Freedom depends on the rule of law – not any kind of law but law that is just, general and protective of freedom. The courts play a critical role in upholding the law. Their capacity to uphold the law depends on many attributes, principally: professional competence, integrity, impartiality, commitment, independence and public confidence. They are interdependent and mutually re-enforcing, which also means that the weakening of one attribute will affect the others.
Australia is fortunate in having a strong and independent judiciary at federal and state levels. Unwise judicial appointments and instances of political pressure on courts are not unknown in this country but they are rare. The more serious threats to the separation of powers in Australia arise from ill-conceived legislation.
In a free country citizens must not be deprived of their rights and freedoms except for just cause after a fair hearing by an independent and competent court. This depends not only on judicial independence but also on the laws that demarcate rights. As John Locke famously stated, the supreme power,
is bound to govern by establish’d standing laws, promulgated and known to the people, and not by extemporary decrees; by indifferent and upright Judges, who are to decide controversies by these laws.
If the laws are uncertain and rights depend on wide discretionary powers of officials and tribunals, the role of the courts become restricted to procedural oversight. The law then is made at the point of its application because there is no general rule to limit discretion.
The Australian constitutional system departs from the classic model of the tripartite dispersal of powers in significant ways. Although the Commonwealth Parliament cannot confer federal judicial power on executive agencies it is not difficult for Parliament to circumvent this rule by clever legislative drafting.
Judicial power, according to the famed definition of Chief Justice Sir Samuel Griffith, is the authority conclusively to determine controversies between parties concerning existing rights, liberty and property. A tribunal that has power to create or modify rights will not be exercising judicial power even though its decisions defeat the settled and reasonable expectations of parties. A striking example is a body that regulates labour relations like Fair Work Australia or its predecessors that has power to make awards in disregard of existing contractual rights and duties on grounds of policy. A tribunal that must determine disputed questions of fact in a judicial manner but may base its final decision taking account of policy will not be exercising judicial power.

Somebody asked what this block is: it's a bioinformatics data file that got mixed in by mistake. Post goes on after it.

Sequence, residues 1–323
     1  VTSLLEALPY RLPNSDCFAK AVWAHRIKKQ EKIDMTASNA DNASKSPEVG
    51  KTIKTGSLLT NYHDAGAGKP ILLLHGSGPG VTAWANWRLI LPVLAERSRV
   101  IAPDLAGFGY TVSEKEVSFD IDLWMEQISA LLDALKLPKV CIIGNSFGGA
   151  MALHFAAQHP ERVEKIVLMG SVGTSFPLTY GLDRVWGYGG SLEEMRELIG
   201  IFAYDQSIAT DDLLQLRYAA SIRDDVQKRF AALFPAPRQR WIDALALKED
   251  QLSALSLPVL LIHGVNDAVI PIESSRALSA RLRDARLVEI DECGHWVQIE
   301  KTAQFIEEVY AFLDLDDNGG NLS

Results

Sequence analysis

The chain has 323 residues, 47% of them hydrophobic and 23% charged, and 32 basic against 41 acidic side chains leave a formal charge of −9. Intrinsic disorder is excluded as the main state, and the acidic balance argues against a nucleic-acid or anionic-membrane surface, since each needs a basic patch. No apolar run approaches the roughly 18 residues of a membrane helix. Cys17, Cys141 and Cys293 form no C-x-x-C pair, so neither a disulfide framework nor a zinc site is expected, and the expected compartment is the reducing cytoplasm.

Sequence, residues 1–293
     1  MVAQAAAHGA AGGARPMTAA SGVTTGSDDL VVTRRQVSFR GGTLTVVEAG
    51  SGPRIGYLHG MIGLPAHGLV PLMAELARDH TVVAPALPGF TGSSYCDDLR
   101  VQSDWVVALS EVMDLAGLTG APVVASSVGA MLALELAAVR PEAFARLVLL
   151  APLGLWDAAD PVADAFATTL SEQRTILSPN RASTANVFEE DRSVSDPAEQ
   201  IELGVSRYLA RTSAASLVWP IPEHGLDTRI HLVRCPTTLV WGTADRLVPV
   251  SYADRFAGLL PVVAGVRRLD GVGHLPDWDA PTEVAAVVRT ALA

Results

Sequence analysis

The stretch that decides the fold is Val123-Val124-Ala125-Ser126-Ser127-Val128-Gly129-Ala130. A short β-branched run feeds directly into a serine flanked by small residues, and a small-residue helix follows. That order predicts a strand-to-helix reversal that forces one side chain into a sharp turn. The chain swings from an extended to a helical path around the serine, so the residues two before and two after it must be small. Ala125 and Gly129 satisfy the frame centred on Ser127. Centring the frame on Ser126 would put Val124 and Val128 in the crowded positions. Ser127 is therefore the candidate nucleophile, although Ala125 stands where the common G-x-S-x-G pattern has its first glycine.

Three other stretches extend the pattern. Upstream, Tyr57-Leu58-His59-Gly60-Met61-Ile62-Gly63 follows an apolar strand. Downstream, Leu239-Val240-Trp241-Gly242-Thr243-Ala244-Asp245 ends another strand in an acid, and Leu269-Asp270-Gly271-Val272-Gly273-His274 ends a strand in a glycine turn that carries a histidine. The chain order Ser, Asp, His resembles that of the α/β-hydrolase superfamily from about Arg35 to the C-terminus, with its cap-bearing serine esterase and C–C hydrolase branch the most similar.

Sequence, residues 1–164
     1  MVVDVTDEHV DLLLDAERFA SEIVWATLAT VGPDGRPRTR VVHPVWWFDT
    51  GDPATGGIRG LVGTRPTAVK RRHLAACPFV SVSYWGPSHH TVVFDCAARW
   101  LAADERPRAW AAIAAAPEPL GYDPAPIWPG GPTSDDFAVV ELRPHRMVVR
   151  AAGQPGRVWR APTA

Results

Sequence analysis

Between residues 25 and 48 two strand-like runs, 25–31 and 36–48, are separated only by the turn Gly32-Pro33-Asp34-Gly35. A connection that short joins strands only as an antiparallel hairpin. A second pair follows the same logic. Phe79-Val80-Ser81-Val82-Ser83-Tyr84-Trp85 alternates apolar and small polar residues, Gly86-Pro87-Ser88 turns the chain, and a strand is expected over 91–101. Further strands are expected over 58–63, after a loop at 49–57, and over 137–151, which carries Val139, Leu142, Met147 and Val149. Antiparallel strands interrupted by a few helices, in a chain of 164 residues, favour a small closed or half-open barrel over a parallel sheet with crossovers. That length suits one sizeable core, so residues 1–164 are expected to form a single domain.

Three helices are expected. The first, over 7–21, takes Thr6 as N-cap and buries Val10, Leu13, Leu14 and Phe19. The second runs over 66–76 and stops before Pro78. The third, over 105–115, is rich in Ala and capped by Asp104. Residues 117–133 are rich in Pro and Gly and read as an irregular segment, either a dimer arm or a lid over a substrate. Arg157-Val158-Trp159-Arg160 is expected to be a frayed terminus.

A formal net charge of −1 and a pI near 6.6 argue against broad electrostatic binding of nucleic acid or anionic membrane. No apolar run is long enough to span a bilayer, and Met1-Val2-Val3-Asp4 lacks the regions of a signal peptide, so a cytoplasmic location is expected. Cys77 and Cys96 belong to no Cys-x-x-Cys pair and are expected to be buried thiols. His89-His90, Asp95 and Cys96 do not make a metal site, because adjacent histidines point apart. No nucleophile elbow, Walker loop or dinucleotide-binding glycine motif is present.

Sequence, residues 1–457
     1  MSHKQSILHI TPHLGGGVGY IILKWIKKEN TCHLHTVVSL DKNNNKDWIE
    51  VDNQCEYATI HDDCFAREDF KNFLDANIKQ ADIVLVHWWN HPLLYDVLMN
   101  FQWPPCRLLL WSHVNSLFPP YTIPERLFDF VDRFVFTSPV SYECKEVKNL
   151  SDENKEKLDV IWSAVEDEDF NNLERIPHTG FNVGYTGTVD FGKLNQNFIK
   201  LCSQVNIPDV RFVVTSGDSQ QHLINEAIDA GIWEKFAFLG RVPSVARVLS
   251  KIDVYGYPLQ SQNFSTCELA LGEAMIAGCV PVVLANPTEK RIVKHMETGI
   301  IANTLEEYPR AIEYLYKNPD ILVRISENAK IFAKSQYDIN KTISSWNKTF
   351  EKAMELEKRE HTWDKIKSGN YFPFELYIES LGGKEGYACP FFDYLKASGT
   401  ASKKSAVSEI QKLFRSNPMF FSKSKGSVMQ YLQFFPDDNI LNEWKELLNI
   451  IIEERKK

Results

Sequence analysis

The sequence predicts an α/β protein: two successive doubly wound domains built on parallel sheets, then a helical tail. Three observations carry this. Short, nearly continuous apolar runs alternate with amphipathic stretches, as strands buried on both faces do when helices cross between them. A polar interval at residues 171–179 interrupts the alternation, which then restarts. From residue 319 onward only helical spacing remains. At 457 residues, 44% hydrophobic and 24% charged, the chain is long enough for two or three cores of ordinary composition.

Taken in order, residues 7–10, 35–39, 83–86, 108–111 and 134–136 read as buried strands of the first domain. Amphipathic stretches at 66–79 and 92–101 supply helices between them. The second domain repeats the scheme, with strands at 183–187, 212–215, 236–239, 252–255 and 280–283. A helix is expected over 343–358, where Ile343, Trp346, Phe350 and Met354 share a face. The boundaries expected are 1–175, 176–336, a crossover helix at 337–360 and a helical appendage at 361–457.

This is not such a bad thing provided that the tribunals act in a judicial manner. Administrative law and merits review by administrative appeals tribunals improve the judicial quality of administrative adjudication. However, the central problem resulting from the unification of powers in administrative bodies remains to be fully addressed.
The heroic efforts of administrative lawyers and judges offer only a partial solution to the constitutional problem posed by hybrid legislative–executive–judicial tribunals. A tribunal vested with broad discretion to confer benefits or impose deprivations may formally satisfy all jurisdictional, procedural and evidentiary tests and yet defeat the reasonable expectations through its capacity to create law for the particular case.
The fairness of a proceeding does not depend solely on the opportunity to present one’s case. The citizen may get a fair hearing but have no idea of how the case is decided unless the tribunal is bound to judge according to pre-established legal standards. The affected party must appeal not to the law but to the person wielding power. The rule of law is displaced by the rule of tribunal. The chief aim of the separation of powers doctrine is defeated.
This is a problem that deserves more attention by constitutionalists.